There is further provided, in accordance with another aspect of the present invention, a method of manufacturing an internal fuel manifold for a gas turbine engine comprising: forming an annular fuel manifold ring having at least one fuel conveying passage therein and having a nominal cross-sectional thickness in an axial direction about a majority of a circumference of the annular fuel manifold; and forming a reinforced inlet region of the annular fuel manifold, the reinforced inlet region being adapted to receive a fuel inlet therein for providing fuel flow to the at least one fuel conveying passage, the reinforced inlet region having a locally increased cross-sectional thickness relative to said nominal cross-sectional thickness.

Further details of these and other aspects of the present invention will be apparent from the detailed description and figures included below.

DESCRIPTION OF THE DRAWINGS

Reference is now made to the accompanying figures depicting aspects of the present invention, in which:

FIG. 1 is schematic cross-sectional view of a gas turbine engine;

FIG. 2 is a perspective view of an internal fuel manifold incorporating a fuel inlet, for use in a gas turbine engine such as that depicted in FIG. 1;

FIG. 3 is a partially sectioned side view of the fuel manifold and the fuel inlet of FIG. 2, joined in accordance with one aspect of the present invention;

FIG. 4 is an enlarged partially sectioned view of the joint between the fuel manifold and the fuel inlet, taken from region 4 of FIG. 3; and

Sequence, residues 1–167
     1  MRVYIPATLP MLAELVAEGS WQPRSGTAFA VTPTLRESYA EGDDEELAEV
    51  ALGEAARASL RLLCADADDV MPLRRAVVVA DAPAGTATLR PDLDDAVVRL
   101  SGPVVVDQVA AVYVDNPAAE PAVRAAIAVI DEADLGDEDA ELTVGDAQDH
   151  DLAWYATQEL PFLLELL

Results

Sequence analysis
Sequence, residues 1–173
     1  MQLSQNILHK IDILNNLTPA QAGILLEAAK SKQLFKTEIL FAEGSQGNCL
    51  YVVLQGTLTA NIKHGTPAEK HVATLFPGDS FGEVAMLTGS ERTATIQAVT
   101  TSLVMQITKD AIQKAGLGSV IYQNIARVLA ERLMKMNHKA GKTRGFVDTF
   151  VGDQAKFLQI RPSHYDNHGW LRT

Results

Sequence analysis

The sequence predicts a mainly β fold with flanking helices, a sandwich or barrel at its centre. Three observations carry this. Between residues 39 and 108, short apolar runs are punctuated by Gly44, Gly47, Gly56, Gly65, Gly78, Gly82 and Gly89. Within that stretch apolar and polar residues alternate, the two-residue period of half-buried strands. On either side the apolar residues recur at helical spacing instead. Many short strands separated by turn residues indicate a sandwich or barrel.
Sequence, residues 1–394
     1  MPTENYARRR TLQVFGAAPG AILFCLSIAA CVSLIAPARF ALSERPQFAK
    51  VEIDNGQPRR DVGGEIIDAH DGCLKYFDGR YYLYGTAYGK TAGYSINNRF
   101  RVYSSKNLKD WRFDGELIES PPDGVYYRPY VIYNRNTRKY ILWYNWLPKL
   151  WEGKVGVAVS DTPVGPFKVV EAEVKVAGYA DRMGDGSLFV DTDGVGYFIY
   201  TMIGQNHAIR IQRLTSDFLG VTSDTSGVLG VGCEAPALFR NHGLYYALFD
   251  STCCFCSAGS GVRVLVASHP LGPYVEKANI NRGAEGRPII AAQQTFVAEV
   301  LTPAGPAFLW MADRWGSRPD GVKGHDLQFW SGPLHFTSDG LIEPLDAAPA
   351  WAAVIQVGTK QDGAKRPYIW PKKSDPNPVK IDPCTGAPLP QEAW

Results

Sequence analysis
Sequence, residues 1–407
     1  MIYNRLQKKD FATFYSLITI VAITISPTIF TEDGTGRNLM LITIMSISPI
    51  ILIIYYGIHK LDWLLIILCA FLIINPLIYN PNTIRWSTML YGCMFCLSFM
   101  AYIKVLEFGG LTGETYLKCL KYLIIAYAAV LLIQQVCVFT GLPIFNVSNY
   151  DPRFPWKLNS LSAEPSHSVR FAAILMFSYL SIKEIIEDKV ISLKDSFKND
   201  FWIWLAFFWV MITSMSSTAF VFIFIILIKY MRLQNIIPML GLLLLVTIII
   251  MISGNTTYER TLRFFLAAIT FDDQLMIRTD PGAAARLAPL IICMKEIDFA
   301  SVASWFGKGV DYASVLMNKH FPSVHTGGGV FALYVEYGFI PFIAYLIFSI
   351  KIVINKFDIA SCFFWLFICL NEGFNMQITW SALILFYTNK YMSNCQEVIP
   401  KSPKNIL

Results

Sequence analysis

FIG. 5 is a perspective view of a portion of the fuel manifold and fuel inlet of FIG. 3, shown with the fuel manifold heat shield removed.

DETAILED DESCRIPTION OF THE PREFERRED EMBODIMENTS

FIG. 1 illustrates a gas turbine engine 10 of a type preferably provided for use in subsonic flight, generally comprising in serial flow communication a fan 12 through which ambient air is propelled, a multistage compressor 14 for pressurizing the air, a combustor 16 in which the compressed air is mixed with fuel and ignited for generating an annular stream of hot combustion gases, and a turbine section 18 for extracting energy from the combustion gases.

Fuel is injected into the combustor 16 of the gas turbine engine 10 by a fuel injection system 20 which is connected in fluid flow communication with a fuel source (not shown) and is operable to inject fuel into the combustor 16 for mixing with the compressed air from the compressor 14 and ignition of the resultant mixture. The fan 12, compressor 14, combustor 16, and turbine 18 are preferably all concentric about a common central longitudinal axis 11 of the gas turbine engine 10.

The term “axial” as used herein is intended, unless otherwise indicated, to mean in a directly or axis substantially parallel to the central longitudinal axis 11 of the engine 10.